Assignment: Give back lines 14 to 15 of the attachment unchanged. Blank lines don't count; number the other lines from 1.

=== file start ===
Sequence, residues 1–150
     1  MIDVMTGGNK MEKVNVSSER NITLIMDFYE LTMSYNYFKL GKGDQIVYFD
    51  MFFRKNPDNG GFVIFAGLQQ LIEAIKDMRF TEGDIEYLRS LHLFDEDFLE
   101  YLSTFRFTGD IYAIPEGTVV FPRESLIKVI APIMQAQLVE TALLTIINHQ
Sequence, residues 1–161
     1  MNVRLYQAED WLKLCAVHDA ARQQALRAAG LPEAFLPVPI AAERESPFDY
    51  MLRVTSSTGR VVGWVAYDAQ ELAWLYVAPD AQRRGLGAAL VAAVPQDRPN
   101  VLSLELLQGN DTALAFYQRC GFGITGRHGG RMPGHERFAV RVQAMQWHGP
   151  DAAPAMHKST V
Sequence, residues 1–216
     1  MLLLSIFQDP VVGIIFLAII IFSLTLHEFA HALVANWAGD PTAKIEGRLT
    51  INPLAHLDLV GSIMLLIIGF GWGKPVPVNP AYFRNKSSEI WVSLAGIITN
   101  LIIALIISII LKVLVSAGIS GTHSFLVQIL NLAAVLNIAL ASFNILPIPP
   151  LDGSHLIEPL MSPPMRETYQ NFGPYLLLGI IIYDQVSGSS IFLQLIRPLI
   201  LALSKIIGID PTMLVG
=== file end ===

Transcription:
   151  LDGSHLIEPL MSPPMRETYQ NFGPYLLLGI IIYDQVSGSS IFLQLIRPLI
   201  LALSKIIGID PTMLVG